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Friday, March 25, 2005

The New York Times > International > Middle East > Rice Says U.S. Opposes Israeli Plan for Settlement Expansion

The New York Times > International > Middle East > Rice Says U.S. Opposes Israeli Plan for Settlement Expansion: March 26, 2005
Rice Says U.S. Opposes Israeli Plan for Settlement Expansion
By STEVEN ERLANGER

JERUSALEM, March 25 - The United States' displeasure with Israel's intention to expand a West Bank settlement grew Friday, with Secretary of State Condoleezza Rice condemning the plan as "at odds with American policy."

In an interview with The Los Angeles Times, Ms. Rice said the Israeli response to American concerns was "not really a satisfactory response."

Israeli officials say the announcement about adding 3,500 homes to Maale Adumim, near Jerusalem, is just a bureaucratic step, and point out that the houses will not be built for a few years. But Palestinian officials have complained that the Israeli intention is to cut off Jerusalem from the West Bank and destroy the contiguity of any future Palestinian state, and they reject any Israeli or American efforts to predetermine the outcome of negotiations.

The ambiguities surrounding American policy were underlined Friday when a diplomatic furor erupted over remarks reportedly made by the American ambassador to Israel, Daniel C. Kurtzer, in an off-the-record session nearly a month ago with new Israeli Foreign Ministry employees.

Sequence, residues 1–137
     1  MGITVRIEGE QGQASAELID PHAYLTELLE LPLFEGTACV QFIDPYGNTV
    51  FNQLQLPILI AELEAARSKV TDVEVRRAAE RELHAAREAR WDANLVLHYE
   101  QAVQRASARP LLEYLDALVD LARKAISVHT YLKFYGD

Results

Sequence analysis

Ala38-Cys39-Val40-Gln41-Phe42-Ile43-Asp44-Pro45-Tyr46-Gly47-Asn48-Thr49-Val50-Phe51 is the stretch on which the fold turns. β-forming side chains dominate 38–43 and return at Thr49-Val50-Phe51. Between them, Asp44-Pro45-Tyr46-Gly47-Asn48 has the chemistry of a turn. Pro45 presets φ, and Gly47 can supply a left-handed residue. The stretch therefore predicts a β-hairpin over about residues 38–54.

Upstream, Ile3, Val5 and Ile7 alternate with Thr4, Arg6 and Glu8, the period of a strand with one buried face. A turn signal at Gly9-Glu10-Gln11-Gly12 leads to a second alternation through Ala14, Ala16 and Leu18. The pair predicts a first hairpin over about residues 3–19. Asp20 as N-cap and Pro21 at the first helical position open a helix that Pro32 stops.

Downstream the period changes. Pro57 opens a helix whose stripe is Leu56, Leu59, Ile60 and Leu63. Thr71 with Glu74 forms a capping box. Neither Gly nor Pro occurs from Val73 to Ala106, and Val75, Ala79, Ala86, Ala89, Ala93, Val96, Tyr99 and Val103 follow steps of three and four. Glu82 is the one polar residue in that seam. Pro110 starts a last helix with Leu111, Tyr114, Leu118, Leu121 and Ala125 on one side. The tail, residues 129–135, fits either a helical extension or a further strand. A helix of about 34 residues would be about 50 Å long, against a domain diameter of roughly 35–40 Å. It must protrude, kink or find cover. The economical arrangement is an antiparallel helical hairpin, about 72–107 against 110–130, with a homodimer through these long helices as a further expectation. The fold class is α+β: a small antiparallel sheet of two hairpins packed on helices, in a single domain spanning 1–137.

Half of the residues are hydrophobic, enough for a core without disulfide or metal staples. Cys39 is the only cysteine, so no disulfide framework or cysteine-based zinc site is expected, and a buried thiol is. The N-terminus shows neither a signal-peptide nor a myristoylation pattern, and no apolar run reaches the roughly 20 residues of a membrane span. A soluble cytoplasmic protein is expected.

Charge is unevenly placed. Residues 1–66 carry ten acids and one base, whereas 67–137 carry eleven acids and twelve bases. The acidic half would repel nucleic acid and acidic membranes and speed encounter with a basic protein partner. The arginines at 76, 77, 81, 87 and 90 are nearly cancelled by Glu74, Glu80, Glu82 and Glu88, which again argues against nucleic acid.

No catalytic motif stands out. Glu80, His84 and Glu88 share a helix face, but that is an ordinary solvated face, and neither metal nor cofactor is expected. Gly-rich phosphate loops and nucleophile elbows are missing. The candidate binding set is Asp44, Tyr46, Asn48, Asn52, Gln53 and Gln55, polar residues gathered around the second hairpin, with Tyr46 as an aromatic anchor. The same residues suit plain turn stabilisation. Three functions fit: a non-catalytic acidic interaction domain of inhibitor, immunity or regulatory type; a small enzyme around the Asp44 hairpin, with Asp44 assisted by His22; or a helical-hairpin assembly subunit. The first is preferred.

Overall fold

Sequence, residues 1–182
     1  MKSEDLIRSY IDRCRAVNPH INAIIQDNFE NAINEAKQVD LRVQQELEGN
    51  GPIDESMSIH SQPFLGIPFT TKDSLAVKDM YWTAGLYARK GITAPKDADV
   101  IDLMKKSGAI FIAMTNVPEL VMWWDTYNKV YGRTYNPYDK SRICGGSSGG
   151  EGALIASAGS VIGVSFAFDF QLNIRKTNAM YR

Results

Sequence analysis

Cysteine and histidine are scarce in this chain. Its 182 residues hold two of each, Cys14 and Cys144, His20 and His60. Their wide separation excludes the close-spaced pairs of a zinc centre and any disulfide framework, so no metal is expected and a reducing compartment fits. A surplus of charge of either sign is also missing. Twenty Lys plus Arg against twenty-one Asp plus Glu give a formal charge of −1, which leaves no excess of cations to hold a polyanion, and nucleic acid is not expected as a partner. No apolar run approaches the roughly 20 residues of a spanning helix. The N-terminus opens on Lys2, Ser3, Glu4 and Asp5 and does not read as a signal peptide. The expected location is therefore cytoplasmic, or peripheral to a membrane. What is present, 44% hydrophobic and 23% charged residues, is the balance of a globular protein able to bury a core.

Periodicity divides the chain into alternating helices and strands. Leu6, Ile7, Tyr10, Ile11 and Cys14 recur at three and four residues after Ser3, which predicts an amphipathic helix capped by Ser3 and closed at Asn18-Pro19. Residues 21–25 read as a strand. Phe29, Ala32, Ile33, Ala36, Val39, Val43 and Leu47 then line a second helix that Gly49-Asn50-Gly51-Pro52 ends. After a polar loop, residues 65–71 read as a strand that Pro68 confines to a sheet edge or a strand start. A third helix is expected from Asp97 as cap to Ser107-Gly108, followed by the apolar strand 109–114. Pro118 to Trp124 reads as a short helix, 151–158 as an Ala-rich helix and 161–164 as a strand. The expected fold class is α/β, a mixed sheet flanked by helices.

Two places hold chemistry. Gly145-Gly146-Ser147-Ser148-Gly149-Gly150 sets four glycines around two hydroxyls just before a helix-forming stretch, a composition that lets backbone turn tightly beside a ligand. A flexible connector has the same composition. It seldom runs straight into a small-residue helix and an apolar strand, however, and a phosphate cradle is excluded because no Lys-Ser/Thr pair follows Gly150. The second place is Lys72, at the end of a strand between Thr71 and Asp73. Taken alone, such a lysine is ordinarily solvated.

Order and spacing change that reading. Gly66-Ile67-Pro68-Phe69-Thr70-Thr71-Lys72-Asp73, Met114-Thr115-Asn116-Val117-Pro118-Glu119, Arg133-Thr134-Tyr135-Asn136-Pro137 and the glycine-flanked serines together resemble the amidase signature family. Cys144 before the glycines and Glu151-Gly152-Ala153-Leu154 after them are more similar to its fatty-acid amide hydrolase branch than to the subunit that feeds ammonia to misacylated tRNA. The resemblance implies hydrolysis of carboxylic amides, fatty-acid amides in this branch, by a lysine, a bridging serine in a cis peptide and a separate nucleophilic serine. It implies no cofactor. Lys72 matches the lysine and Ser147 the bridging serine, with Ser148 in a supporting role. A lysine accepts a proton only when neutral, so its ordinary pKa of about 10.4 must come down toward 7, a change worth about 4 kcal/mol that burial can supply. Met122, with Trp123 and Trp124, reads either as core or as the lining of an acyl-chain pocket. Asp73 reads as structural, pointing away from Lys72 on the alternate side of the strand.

According to the newspaper Yediot Aharonot, which was leaked a copy of notes taken at the meeting, Mr. Kurtzer said Washington had never reached an understanding with Israel that would let it keep its large settlement blocks in the West Bank. The newspaper also quoted him as saying he expected Prime Minister Ariel Sharon's government to fall before completing its term in November 2006.

Mr. Kurtzer angrily denied the Yediot story on Friday, saying he was misquoted and misunderstood. "What I tried to explain to them is exactly what U.S. policy is," he told Israeli radio and television on Friday. "And U.S. policy is the support that the president has given for the retention by Israel of major Israeli population centers as an outcome of negotiations."

Mr. Sharon's office said it believed that Mr. Kurtzer had been misquoted.

American officials said they believed that the leak was an effort by the foreign minister, Silvan Shalom, to boost his standing in Mr. Sharon's right-wing Likud Party and undermine him just before a crucial budget vote next week that could bring down the government.

A senior Sharon adviser said the leak was intended to undermine an important political accomplishment: understandings on the settlements that Mr. Sharon reached with President Bush last April.

Mr. Sharon has justified his plan to pull all 21 Israeli settlements out of Gaza (as well as four small ones on the West Bank) to his own party on the basis of his belief that Washington will support Israel's intention to keep its main settlement blocks around Jerusalem and Tel Aviv in peace negotiations with the Palestinians.